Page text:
Phil Brooks February 25, 2014 at 08:09 PM
Jim, NOT A THREAT? You make me laugh. You know something? I'm sorry for what went down on the other thread but I'm glad I got to know you better. We may not agree but we can have a decent discussion. As far as actively participating, let's just say that I'll take it very slow for a while and pick my spots.
Phil Brooks February 25, 2014 at 08:30 PM
Leaving, I understand where you're coming from as you're in the trenches, so to speak. I had a nephew die a year ago from an overdose. So, though I'm horrified when someone dies from the stuff (and maybe more because of what it does to family and friends--they're never the same), the gun stories, especially ones with mass killings, get the airplay, though my guess is that, if a dozen people OD'ed in the same place at once, it would lead the 11 o'clock news, too. But people dying from overdoses usually happen one at a time and, therefore, they pretty much fly under the radar. // So, it's not easy to say "legalize drugs," but they're not going anywhere and maybe the only way to get a handle on them is to legalize them. // As far as something that can kill you the first time, besides heroin, might I also mention a very legal and (sort of) regulated product called a gun? // All the vices out there--and I'll include prostitution and gambling, will be and are with us even in places that they're illegal. Lord knows how hard the temperance people tried to rid certainly the NY area of gambling, booze and even something innocuous such as Sunday baseball and even movies a century ago. And, what happened? People still drank, the racetracks finally had to shut down and the gamblers went to the baseball parks (part of the reason the 1919 World Series was fixed) and Sunday ball eventually returned around WW I. My point is that try as people might to eradicate what they thought was immoral behavior by making it illegal, it never really went away and, with some vices, actually became legal again. And breaking the law became a game. And the government lost out on 13 years of alcohol tax revenues, to boot, plus all the money they spent during the Volstead Act years trying to eradicate it. Raising the white flag sucks because it'll announce that the War on Drugs was a colossal waste of time, manpower and money. But maybe it's time to do it because I think that's the only way we'll be able to get a handle on this stuff.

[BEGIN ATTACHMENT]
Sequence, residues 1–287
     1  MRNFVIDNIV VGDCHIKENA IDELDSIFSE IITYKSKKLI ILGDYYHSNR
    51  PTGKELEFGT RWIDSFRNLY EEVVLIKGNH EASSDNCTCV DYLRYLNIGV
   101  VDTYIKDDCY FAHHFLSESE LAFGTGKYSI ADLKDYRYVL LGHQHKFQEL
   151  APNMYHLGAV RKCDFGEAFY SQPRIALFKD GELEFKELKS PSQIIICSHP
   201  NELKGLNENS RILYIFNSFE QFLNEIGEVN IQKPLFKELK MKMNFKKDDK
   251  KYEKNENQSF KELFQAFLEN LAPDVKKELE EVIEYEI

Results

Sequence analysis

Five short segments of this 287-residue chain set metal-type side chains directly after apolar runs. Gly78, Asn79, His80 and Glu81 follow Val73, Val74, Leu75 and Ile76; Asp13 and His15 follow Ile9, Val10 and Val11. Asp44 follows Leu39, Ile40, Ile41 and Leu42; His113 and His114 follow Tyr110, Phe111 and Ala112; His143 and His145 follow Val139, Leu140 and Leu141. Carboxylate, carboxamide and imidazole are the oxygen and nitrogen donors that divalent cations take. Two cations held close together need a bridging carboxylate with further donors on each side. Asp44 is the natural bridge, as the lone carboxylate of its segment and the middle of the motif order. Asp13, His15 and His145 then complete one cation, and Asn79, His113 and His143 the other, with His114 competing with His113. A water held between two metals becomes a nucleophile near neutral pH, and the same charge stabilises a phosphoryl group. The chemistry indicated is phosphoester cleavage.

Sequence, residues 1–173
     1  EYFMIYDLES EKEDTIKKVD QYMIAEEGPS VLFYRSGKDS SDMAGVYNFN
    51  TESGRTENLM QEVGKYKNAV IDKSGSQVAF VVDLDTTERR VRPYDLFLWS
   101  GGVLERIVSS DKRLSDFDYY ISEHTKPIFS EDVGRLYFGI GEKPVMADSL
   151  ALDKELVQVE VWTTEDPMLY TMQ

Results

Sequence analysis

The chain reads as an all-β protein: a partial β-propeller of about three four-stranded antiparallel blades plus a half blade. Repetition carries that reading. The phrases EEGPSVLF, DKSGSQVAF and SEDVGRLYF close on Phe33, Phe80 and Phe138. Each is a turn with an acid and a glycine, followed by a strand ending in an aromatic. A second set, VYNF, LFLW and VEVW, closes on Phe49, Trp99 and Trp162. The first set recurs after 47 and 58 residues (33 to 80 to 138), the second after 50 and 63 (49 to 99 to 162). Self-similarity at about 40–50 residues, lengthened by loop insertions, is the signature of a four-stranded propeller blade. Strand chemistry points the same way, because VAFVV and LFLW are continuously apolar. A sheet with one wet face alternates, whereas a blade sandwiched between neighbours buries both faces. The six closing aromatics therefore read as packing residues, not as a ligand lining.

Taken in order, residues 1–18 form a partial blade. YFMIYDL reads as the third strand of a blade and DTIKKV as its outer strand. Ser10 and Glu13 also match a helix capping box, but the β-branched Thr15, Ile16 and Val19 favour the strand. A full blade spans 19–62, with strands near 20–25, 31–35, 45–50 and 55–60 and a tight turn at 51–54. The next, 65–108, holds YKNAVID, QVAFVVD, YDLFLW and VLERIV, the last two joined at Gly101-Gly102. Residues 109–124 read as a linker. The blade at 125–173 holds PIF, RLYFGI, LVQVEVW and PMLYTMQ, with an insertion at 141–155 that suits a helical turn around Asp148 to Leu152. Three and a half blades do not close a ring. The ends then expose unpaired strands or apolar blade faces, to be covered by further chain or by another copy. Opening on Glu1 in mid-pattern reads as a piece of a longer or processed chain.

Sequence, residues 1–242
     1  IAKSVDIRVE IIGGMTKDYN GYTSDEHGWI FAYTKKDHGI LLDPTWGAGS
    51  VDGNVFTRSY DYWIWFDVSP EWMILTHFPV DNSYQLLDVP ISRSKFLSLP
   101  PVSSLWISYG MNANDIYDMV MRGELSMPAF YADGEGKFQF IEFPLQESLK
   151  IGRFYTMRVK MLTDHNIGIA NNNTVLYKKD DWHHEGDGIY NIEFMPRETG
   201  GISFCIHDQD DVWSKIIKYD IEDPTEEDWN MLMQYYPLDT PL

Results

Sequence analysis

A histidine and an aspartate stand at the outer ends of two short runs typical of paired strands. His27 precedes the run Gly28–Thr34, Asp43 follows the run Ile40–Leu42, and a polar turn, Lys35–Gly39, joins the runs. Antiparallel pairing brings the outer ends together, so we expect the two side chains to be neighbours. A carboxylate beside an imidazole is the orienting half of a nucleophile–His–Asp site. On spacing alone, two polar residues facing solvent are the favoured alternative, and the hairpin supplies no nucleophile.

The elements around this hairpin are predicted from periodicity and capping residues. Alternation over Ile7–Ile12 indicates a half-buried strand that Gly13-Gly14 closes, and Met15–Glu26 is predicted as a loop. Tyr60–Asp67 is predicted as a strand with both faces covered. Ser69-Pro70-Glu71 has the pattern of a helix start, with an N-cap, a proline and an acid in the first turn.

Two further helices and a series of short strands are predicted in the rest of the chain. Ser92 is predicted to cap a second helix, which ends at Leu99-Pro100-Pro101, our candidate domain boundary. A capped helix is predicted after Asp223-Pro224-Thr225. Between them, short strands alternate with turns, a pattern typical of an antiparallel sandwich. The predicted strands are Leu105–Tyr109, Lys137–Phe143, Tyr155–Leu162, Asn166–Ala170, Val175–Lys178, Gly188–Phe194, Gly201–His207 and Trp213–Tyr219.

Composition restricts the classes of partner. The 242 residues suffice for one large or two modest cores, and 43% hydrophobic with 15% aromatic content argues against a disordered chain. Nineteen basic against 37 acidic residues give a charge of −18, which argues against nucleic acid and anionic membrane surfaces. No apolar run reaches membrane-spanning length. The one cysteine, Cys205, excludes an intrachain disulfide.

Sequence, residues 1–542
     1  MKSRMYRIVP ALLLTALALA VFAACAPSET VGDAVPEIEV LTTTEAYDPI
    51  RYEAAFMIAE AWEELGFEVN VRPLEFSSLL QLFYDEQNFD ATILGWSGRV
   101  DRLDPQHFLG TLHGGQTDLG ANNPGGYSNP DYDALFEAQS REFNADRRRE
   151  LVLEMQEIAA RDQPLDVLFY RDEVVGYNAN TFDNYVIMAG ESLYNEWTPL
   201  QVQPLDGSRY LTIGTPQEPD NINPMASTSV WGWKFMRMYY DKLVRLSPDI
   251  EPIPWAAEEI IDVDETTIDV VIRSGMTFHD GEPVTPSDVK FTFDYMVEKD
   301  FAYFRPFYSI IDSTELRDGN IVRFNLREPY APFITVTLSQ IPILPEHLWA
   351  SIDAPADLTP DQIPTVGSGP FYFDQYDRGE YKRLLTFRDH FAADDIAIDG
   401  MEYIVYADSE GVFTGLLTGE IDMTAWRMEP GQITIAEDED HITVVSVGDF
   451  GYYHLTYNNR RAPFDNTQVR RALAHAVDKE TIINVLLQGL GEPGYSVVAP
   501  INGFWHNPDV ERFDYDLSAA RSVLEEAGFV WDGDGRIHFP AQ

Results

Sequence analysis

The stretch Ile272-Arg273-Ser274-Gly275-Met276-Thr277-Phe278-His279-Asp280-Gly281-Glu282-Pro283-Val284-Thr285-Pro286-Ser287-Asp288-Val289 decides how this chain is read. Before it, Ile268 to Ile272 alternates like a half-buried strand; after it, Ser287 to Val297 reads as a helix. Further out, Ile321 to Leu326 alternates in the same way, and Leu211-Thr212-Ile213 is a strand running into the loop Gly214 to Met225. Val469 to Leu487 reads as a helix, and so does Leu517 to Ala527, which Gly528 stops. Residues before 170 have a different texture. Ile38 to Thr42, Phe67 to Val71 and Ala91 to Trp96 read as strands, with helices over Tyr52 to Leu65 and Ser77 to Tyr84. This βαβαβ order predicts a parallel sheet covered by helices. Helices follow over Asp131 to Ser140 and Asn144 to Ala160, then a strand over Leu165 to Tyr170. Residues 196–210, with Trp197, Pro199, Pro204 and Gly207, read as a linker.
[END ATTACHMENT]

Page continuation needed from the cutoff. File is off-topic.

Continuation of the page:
disgusted February 26, 2014 at 07:59 AM
I will agree the war on drugs has not worked for various reasons. but to legalize drugs which cause serious off shoot crimes is asking for trouble, ie:heroin, cocaine, methamphetamine, bring on burglary, robbery, and gang violence that is unrivaled by at legalization of any of those alcohol, marijuana, and tobacco. I don't feel that legalizing or controlling any of those substances will improve anything.
Phil Brooks February 26, 2014 at 10:02 AM
Disgusted, As I've said, please find me a workable middle ground and I'll go with it. // Also, for what it's worth and, though the comparison could be considered dated, I don't think it is, take a hard look at Prohibition and see how the alcohol business ran both before and after it was made illegal. Based on that, in my opinion, if you legalize drugs, you'll get rid of the seamy underbelly of the drug business. Now, though they've been glorified in movies and memory tends to fade and become selective over time, I'm sure the so-called "rum runners" were a pretty shady bunch, but it seems that those involved in drug trafficking now are far more sleazy and ruthless than those involved in illegal alcohol. And, if we legalize it, I think we can get rid of most of that. And that, I think, would be a good start.
disgusted February 26, 2014 at 07:00 PM
There are 2 things different in today's underworld heroin, coke, and meth, are far more dangerous than alcohol, and they are far more profitable, I don't know anyone who broke into a house to get money for booze. But there are people in jail and cemetery's over heroin, crack, meth, and powdered coke. I've spoken to a retired DEA boss and he said the most dangerous part of cannabis right now is the fertilizer these outlaw growers use to speed up production. It can be very toxic. The scariest part about alcohol is DWI. It wouldn't surprise me if more people died from DWI accidents that alcohol related disease.
Phil Brooks February 26, 2014 at 09:48 PM